Further work is needed to assess the effectiveness of parenting interventions in reducing and preventing internalising problems in children. Most current parenting interventions aim at reducing behavioural problems and often emotional problems are not measured or, if measured, they are not reported. In order to robustly evaluate the effectiveness of parenting intervention for internalising outcomes, rethinking measurement and more consistent reporting of the outcome are needed. Similarly, improving the taxonomy and reporting of parenting intervention components may facilitate exploration of which intervention components are driving observed effects.

Evidence that relational approaches may prevent internalising symptoms aligns with new policies and funding (eg, Family Hubs and Start for Life Programme) to provide timely and high-quality support to families in the first years of life of the child, as well as the need to improve waiting list times and intermediate support.

Data availability statement

Data may be obtained from a third party and are not publicly available. Due to data agreements with the authors of the studies who provided unpublished data, we cannot share the full dataset.

Ethics statements

Patient consent for publication

Ethics approval

Not applicable.


We would like to thank all the researchers who provided additional information about their study that enabled us to include their findings into our analyses, thus minimising publication bias and rendering this work more comprehensive.


Supplementary materials

  • Supplementary Data

    This web only file has been produced by the BMJ Publishing Group from an electronic file supplied by the author(s) and has not been edited for content.


  • Twitter @Ilaria5_92

  • Contributors RMP conceived the study and obtained the funding. RMP and IC designed the study. IC, RMP, JAL-L and DC contributed to the methods of the study. IC selected the articles and extracted all the data together with at least another author among AC, VH, TT, NB, JE, RMP and EP. IC, RMP and JE grouped the interventions in the identified intervention classes. DMJ, MC, TJ, IC and RMP clustered the intervention components. IC analysed the data. JAL-L and DC accessed and verified the data. IC wrote the first draft of the manuscript and prepared all the figures and tables. All authors provided feedback to the manuscript. The corresponding author had full access to all the data in the study and had final responsibility for the decision to submit for publication. IC and RMP are the garantors of this work.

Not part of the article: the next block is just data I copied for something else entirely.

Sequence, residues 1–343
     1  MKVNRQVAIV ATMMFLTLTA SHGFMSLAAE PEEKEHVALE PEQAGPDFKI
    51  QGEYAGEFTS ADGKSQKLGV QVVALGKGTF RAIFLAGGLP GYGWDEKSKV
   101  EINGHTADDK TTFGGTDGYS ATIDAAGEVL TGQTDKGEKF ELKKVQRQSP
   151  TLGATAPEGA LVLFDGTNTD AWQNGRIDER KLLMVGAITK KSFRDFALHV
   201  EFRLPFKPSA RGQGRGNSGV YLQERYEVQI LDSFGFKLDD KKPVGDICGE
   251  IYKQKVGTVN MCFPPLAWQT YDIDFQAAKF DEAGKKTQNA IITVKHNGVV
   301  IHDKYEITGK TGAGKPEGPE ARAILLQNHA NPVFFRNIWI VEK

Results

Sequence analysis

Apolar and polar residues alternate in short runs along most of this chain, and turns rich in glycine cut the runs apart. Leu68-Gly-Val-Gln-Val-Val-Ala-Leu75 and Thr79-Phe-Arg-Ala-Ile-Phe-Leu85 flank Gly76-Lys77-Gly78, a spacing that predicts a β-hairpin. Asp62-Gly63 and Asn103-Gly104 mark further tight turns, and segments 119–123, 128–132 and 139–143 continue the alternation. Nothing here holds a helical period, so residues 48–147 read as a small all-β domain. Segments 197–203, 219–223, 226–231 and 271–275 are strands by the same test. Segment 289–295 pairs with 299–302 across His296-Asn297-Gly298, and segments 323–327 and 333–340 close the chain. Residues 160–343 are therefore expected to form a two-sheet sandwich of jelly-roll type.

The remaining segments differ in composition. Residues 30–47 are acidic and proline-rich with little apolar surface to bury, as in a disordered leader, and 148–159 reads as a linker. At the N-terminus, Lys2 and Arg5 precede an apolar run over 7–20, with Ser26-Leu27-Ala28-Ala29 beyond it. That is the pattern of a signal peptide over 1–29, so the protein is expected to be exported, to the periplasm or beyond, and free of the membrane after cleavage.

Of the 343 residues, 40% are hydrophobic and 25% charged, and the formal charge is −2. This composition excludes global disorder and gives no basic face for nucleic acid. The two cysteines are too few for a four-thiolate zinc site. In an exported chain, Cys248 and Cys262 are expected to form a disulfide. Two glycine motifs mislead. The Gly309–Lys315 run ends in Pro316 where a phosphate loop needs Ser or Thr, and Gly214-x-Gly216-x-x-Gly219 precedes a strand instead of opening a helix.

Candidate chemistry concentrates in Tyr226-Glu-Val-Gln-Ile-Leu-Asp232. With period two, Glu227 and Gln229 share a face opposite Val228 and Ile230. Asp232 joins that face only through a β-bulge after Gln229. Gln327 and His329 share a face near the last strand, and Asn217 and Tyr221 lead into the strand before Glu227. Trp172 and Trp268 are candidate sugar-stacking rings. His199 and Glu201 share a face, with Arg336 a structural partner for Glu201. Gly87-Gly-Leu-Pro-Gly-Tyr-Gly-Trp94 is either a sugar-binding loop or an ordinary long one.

• Funding This work was supported by European Research Council (ERC) under the European Union's Seventh Framework Programme (grant FP/2007-2013) and European Research Council Grant Agreements (grants 758813; MHINT). JAL-L was supported by Agencia Estatal de Investigación (Government of Spain; PID2019-104033GA-I00 /MCIN/AEI/10.13039/50110 00110 33). MC was supported by Agencia Nacional de Investigación (Government of Chile) Programa de Inserción en la Academia (PIA 85220087). TJ was supported by an NIHR Development and Skills Enhancement Award (NIHR302102).

  • Disclaimer The funder of the study had no role in study design, data collection, data analysis, data interpretation or writing of the report.

  • Competing interests None declared.

  • Provenance and peer review Not commissioned; externally peer reviewed.

  • Supplemental material This content has been supplied by the author(s). It has not been vetted by BMJ Publishing Group Limited (BMJ) and may not have been peer-reviewed. Any opinions or recommendations discussed are solely those of the author(s) and are not endorsed by BMJ. BMJ disclaims all liability and responsibility arising from any reliance placed on the content. Where the content includes any translated material, BMJ does not warrant the accuracy and reliability of the translations (including but not limited to local regulations, clinical guidelines, terminology, drug names and drug dosages), and is not responsible for any error and/or omissions arising from translation and adaptation or otherwise.